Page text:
“High-profile campaigns such as Save Our Sources and Hands Off FoI are absolutely vital to maintain pressure on those who would otherwise seek to weaken our position.
“It is important to have a credible voice leading the way with such matters and Dominic Ponsford has worked tirelessly in recent years to keep these issues at the forefront of the political agenda, particularly RIPA.”
Peter Barron, editor of the Northern Echo, said: “During 35 years working in the regional press, I’ve never had cause to complain about Press Gazette’s coverage of either my personal antics or the activities of the papers I was representing at the time. It has always been fair, accurate and balanced, which is what we should all aspire to be.
“My biggest Press Gazette memory is the time The Northern Echo broke a story about a 14-year-old girl who had suffered a still-birth and, unbelievably, was told by staff at Bishop Auckland General Hospital to take the foetus home in a jar and put it in the fridge. Even now, it sounds too bad to be true but it really happened.
“The Northern Echo decided not to name the girl but The Sun splashed her picture across its front page the following day, with a double-page spread inside. It sparked an intense and important media debate about who was right and who was wrong, and the Press Gazette gave both editors a full page to explain their positions.
“I was right.
“Happy 50th birthday Press Gazette.”
Leo Whitlock, editor of the Kentish Gazette, Whitstable Gazette, Herne Bay Gazette, Faversham News, Canterbury Extra and Thanet Extra, said: "I have been an avid reader of Press Gazette since I started as journalist almost 20 years ago.
"In that time the industry has changed beyond recognition and the Press Gazette has been an indispensable guide to the people, the trends and the future.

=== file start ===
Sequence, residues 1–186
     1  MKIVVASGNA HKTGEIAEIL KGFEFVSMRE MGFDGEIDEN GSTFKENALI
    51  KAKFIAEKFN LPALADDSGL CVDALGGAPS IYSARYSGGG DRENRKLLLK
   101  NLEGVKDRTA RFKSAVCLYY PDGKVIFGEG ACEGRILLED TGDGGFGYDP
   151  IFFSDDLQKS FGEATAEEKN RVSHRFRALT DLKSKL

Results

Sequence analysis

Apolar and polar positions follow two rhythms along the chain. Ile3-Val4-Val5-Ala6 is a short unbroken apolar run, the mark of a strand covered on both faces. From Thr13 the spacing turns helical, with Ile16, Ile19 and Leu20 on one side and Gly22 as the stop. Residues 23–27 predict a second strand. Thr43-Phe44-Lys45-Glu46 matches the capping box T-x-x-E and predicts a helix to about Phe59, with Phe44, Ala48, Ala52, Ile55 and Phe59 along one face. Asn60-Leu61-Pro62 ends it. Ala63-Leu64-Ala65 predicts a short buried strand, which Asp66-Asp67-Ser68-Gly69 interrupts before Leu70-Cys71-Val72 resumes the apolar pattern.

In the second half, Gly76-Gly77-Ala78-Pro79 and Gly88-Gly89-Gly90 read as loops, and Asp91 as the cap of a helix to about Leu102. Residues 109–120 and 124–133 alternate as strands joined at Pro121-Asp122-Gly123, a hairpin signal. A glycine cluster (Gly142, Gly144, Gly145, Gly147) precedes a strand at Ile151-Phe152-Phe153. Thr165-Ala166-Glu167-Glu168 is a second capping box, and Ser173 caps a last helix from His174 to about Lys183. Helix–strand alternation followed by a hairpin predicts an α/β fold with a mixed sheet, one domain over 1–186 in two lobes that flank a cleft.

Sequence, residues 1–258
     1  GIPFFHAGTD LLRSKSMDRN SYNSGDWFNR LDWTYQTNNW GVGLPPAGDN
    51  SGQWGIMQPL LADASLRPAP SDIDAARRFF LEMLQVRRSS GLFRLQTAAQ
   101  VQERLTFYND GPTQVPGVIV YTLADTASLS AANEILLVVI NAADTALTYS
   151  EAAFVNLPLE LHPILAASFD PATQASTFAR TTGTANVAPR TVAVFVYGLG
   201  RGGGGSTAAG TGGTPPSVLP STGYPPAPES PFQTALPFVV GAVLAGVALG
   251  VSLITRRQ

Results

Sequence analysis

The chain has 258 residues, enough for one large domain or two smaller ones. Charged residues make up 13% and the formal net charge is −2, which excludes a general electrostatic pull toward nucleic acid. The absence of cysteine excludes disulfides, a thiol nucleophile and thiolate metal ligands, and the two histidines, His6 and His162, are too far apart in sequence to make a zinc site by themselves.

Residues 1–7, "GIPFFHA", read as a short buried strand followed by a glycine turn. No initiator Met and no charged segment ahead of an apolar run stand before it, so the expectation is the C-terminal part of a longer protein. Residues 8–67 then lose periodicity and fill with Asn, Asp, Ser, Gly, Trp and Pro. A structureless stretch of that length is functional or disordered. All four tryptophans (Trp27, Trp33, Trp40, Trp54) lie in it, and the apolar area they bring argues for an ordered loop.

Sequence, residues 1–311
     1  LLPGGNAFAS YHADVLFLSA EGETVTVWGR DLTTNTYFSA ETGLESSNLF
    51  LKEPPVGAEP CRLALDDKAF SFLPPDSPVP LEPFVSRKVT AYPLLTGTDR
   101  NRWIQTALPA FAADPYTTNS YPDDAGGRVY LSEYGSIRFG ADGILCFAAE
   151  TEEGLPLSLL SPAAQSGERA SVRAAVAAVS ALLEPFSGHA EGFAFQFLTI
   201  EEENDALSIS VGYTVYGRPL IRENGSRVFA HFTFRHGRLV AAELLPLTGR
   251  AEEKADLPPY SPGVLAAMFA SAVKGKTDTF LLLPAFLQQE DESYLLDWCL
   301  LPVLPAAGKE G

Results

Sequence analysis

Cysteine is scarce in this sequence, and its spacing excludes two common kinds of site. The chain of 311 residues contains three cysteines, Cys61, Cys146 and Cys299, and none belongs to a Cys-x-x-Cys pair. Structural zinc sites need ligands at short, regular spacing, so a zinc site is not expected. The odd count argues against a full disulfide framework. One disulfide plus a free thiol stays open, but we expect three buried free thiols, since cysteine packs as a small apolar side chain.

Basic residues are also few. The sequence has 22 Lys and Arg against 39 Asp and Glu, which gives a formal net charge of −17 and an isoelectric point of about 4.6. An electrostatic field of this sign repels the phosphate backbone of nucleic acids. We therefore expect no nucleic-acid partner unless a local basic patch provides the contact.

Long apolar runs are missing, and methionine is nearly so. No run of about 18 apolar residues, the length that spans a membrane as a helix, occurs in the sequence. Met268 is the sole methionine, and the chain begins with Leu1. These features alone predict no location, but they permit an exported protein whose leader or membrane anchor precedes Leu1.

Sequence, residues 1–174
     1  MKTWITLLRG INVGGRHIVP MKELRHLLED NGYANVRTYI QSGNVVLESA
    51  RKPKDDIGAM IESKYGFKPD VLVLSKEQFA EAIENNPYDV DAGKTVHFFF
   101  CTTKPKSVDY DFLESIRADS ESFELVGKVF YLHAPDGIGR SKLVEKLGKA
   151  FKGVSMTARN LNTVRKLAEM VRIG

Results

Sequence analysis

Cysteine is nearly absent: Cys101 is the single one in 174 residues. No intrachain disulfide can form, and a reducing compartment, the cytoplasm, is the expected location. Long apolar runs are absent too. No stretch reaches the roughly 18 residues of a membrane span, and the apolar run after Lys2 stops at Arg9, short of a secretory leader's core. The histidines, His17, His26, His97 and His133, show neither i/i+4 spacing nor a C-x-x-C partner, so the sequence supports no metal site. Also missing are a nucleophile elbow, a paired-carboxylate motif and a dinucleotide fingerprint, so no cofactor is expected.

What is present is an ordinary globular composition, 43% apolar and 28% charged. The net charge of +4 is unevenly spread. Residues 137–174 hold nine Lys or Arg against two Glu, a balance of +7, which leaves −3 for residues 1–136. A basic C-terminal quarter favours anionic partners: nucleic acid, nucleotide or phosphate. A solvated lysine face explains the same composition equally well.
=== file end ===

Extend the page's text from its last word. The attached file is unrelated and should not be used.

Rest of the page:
"As a trainee I lapped every tip and piece of advice I could to make me a stronger reporter, sub then editor.
"As an industry we're not always great at sticking together to fight for what we believe in and presenting a united front.
"Our opponents do not need to divide and rule because we often do it ourselves.
"But in recent years Press Gazette has been able to unite the industry with campaigns to Save Our Sources and the fight to protect our audience's rights under Freedom of Information legislation. That is no mean feat.
"Press Gazette remains one of the sites I turn to every day."
Former Sun managing editor Graham Dudman (pictured, Reuters) said: “Press Gazette is a beating heart at the centre of British journalism. It stands up for journalists and is a voice of common sense amid some deafening online noise.”
Mail on Sunday editor-at-large Tim Walker said: “For half a century, Press Gazette has always led by example – the most important example it sets for us in its new online version is to remain, above all things, relevant.”
Michelle Stanistreet, general secretary of the National Union of Journalists, said: “Happy fiftieth birthday to Press Gazette. Its dedicated campaigning journalism in the last year alone – in support of Freedom of Information and Save Our Sources – goes to show why the publication has endured for decades and remains a must-read for the media industry.”
David Newell, chief executive of the News Media Association, said: "I would like extend my congratulations to Press Gazette on its 50th birthday. Press Gazette continues to provide an important forum for debate on the key issues affecting the news media industry, as well as acting as an effective champion and campaigning force for the journalism community."
Bob Satchwell, executive director of the Society of Editors, said: "Given the service and support Press Gazette has given to journalists for so long it is surprising that it is only 50 years old. It is part of the fabric of the media industry. Happy Birthday!"
ITV news political editor Robert Peston said: "Another 50 gloriously gossipy years please".